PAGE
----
Long, eventful week as a lot of threads came together. My coverage of the Denver Film Society’s Asian Film Festival, at least for me, closed the circle a little on the unpleasantness between myself and that organization that began with my criticism of their International Film Festival on these very pages (culminating in some sad back-and-forths between friends at the Society) – it’s not closure, exactly, but a feeling that at least for my part, I want to get on with a professional working relationship even if personal relationships can’t be salvaged.
The Asian Fest is awesome even if the films I saw weren’t all keepers. It stinks of honest intentions and that’s increasingly a rare and valuable commodity.
On a panel a few months ago at the Vail Film Festival, I was asked if it was difficult or, truly, even possible to separate myself from the people that I worked with in the industry – and of how those relationships shaped my opinions and criticisms. If you’re human with reasonable social skills, you make friends along any road you take and no less so this one. You try to maintain objectivity but sometimes you just have to take a pass. At FFC, the unofficial best practice has always been that I log a review before I go to interview someone for the first time, thus leaving the review untainted (for good or bad) by my personal impressions of the makers.
It works out fine most of the time – particularly since I stopped just taking interviews with anyone who came to town – but there were a couple of times (Peter Hedges, for instance, who I hit it off with well enough so that when he read my ambivalent-hostile review of Pieces of April, he fired off an angry and hurt missive to the studio requesting, among other things, that I not be allowed access when I was to discuss his film at a public screening) where me not being an asshole to someone resulted in some confusion, on their part, as to what my role actually is in this relationship. Film’s are personal things, and not just for their creators, so personal in fact, that they’re almost like psychic babies.
As to the confusion, though: join the club. The role of film critic in this society is muddy beyond muddy and not for the reasons of “what is quality” that we’ve already worked over like a tasty bit of gristle we just can’t bring ourselves to spit out. As Bill linked below, director Wayne Kramer’s (and his frantically sycophantic interviewer’s) agreement that critics should have no opinion nor personal bias but, rather, be publicists for the film, is a tiresome and troubling thing. (Even though his film, Running Scared is one that I like and will be reviewing in a few days.) More than the words of some pinhead who can’t take a hit, though, is the plain fact that the majority of people believe that critics should be objective reporters and, even more perverse, that good critics ever are. The fallacy of our news media, in fact, is this illusion of objectivity – far better to know where the writer stands than to have the reporter pretend not to have a stance at all.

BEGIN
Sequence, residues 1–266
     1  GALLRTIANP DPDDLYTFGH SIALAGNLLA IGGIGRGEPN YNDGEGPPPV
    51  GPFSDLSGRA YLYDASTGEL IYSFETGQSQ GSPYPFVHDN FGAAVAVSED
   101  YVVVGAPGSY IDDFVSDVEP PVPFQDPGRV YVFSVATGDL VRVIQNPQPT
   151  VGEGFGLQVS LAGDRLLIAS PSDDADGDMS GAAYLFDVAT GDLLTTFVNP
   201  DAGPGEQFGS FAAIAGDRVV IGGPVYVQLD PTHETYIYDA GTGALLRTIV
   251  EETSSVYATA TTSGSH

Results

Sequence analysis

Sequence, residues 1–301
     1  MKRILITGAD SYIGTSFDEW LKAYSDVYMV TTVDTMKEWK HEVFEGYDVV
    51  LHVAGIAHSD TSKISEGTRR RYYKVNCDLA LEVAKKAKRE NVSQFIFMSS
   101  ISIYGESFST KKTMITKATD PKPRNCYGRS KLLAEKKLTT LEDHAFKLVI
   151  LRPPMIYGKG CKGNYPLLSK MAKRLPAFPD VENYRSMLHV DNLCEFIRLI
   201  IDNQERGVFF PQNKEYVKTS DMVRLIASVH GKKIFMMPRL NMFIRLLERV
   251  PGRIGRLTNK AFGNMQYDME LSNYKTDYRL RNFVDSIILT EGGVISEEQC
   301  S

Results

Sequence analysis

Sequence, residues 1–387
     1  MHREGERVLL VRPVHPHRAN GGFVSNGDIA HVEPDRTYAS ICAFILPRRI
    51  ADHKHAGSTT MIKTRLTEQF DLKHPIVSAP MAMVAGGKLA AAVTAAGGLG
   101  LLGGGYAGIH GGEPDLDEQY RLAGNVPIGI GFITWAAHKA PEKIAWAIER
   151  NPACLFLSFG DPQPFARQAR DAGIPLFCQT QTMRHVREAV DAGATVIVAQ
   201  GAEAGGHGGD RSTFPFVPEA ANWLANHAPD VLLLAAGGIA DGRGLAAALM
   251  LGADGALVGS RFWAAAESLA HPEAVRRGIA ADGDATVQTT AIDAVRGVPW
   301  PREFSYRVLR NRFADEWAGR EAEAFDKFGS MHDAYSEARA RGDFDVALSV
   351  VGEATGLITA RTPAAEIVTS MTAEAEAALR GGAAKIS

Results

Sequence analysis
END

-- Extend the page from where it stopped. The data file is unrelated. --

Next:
It brings me to more news: a documentary series has been greenlit by the Denver Public Library for this August with me at the helm – the first time I’ve had so much say in a program offered by this branch. The lineup: Keep the River on Your Right, Rivers and Tides, Brother’s Keeper, Bright Leaves, and Hybrid and I’m excited as hell to dive into the mix. If you’re in Denver in a couple of months, it’s going to be a fun ride.
Also upcoming, a single night wherein I get to show my Laserdisc of Fearless at the Gilpin County Library.
Saw Superman Returns at a closed screening and cried through a lot of it. Saw Click at a regular matinee and, ditto, though not for the same reasons. Have a screener of Sympathy for Lady Vengeance that’s burning a hole in the back of my head; watched Underworld: Evolution and. . . really liked it; watched Aeon Flux and. . . really didn’t; and watched Cat on a Hot Tin Roof three times back-to-back-to-back one late, late night because it’s actually just that good. In a roundabout way, it spurs the question of the F/X moments in film that you found to have the most positive impact in terms of atmosphere, story, even character development. For me, I still love the giant cardboard ball from Raiders of the Lost Ark, the first kill in Hooper's The Texas Chain Saw Massacre, the tractor beam matte and dual suns in Star Wars, Vermithrax Pejorative in Dragonslayer, and the genius-level splatter in John Carpenter's The Thing and David Cronenberg's The Fly.
Hosted a screening/discussion of Howard Hawks’ Ball of Fire, speaking of underseen/ill-revived: the story of a stuffy professor (Gary Cooper) who finds love in the arms of a tough-talking dame (Barbara Stanwyck). It’s an inversion of the Snow White myth (and Disney’s Snow White and the Seven Dwarves can be seen on a theater marquee in one brief background), and an inversion of the Pygmalian myth, too. Shot by Greg Toland (the year he did Citizen Kane) and written by Billy Wilder & Charles Brackett as their last assignment as just a writing team (Wilder sat on the set to observe Hawks’ style during the shoot as a kind of training camp), it’s a collision of legends in one of the great years (1941) in Hollywood history. Doesn’t make it a masterpiece, but it ain’t chopped liver, sister.
Here’s this week’s screen capture (I’ll tally the totals next time around):
Hot off the presses (62606)
and Cat on a Hot Tin Roof
and Alex rides wild ORCA